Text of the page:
“Saraab” stars Sami Khan and Sonya Hussyn in lead roles, airing on Hum Tv on Thursday nights. The show has tackled the topic of mental illness, much like “Ishq Zahe Naseeb” did earlier this year. However, this show is different in how it’s tackling the way mental illness is perceived by the world and, particularly, by family members who look elsewhere for treatment rather than visiting doctors. It’s a story with a great concept and great performances, a story which has been gripping and has been moving along really well up until now.
Unfortunately, episode 8 of “Saraab” has allowed the dreaded kitchen politics to take over. Up until now, the situations have been realistic and understandable, even highlighting how families in South Asian society view mental illness and their idea of treatment (Jinns and Darghas). In episode 8, there are two main tracks. The first track focuses on Asfandyar (Sami Khan) and Hoorain (Sonya Hussyn) as they arrive back home. Asfand and Hoorain share an interesting discussion about trust and honesty, both making veiled accusations about the other. When Asfand finally prods it out of her, Hoorain admits to seeing Asfand in every corner, pointing to thin air. Asfand realizing things are much worse than what he imagined, takes Hoorain to a psychiatrist to have her evaluated. Once there, Hoorain asks to be taken back home, but Asfand presses on, convincing her to simply see the doctor. Of course, as expected, Afandyar is advised to keep Hoorain away from her household her environment is not healthy for her mental state – which she confirms is not stable. While it’s great to see all this, one would have appreciated seeing more scenes with the doctor, actually hearing her (well-researched) medical advice, which would give viewers more information on the actual subject of mental illness and how to recognize it. Television shows are not meant to educate, but rather provide some awareness within their show and that would have been nice to see instead of showing the doctor mouthing lines with music drowning out her words. Instead, we are treated to a heavy dose of track 2 – Warda.
Warda has taken center stage at home, trying to manipulate the scene to her liking. Mental illness can be hereditary and looking at Hoorain’s family system, her mother and both her sisters, it’s clear that what the doctor said about Hoorain’s environment triggering her condition is absolutely correct. Warda’s nasty side has slowly been coming out, but in this episode it’s at full force. It also must be said that it’s illogical. Warda is well-aware that Hoorain is not “normal,” yet she is still pushing her own personal agenda of getting Hoorain married to her brother-in-law. Why would she want that? Warda lays on the waterworks and convinces her father, in a very manipulative, adding-oil-to-the-fire way, that Hoorain should under no circumstances be married off to Asfandyar and her parents agree. Namal (Nazish Jehangir) happily listens in, still seeing dreams of marrying Asfandyar herself – which makes Namal a bizarre character in herself. This, of course, sets the scene for what happens when Asfandyar and Hoorain return home.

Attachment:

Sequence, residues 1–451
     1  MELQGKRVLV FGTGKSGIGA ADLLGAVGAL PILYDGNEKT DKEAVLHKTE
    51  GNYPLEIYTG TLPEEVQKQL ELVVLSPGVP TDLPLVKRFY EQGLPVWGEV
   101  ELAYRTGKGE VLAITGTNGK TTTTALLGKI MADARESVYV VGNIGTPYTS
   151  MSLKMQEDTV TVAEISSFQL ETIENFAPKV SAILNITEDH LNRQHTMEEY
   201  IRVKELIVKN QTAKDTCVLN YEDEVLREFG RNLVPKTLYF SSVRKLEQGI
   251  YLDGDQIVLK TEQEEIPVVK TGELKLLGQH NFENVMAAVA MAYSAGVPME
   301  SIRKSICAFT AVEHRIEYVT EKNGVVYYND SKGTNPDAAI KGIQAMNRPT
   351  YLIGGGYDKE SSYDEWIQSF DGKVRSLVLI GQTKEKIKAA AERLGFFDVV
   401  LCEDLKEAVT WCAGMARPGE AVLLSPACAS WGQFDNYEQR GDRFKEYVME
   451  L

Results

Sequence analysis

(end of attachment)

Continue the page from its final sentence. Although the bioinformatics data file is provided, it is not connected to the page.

Asfandyar is pushed out of the house and, quite literally, slapped and beaten with shoes upon his arrival and Hoorain is locked into her room. Both sisters do not waste a moment in taunting their already-stressed sister and their words are rather abusive when taking Hoorain’s mental state into account. Of course, these women have no concept of mental illness, because they have decided Hoorain created a “fake” situation of being possessed by a Jinn. Mental illness isn’t even an option. However, this is realistic, as many families in South Asian society do not acknowledge her condition to be a legitimate condition. Like the doctor says earlier in the episode, those around the individual must actually recognize her illness as an illness for her to benefit from treatment.
“Saraab” has taken on a topic that is necessary to drive home to the masses and it’s an important show for that reason. Up until now, it’s been running strong and doing a great job getting the point across. However, this episode simply spent too much time focusing on Warda and her unnecessary manipulations. Stories like this only become muddled when family and marital politics enter the fold and it’s very easy for the show to fall off track. Regarding performances, again, this is a Sonya Hussyn and Sami Khan show. These two perform so well, it’s heart-wrenching to see how their relationship is unraveling at the hands of their families – and at the hands of Hoorain’s mental condition and her mistrust of Asfandyar. Sonya Hussyn is simply a revelation as the vulnerable Hoorain, while Sami Khan is the ideal partner for her as Asfandyar. This is a character who wants the best for his partner and while many (on-screen) men would have developed an ego after being slapped by her father, he pays no attention to it and pushes forward as he convinces his mother to get Hoorain’s medication to her. The strength of the show lies in Sami Khan and Sonya Hussyn’s characters and portrayal of those characters. One hopes the show continues to focus on them and moves away from the family bickering.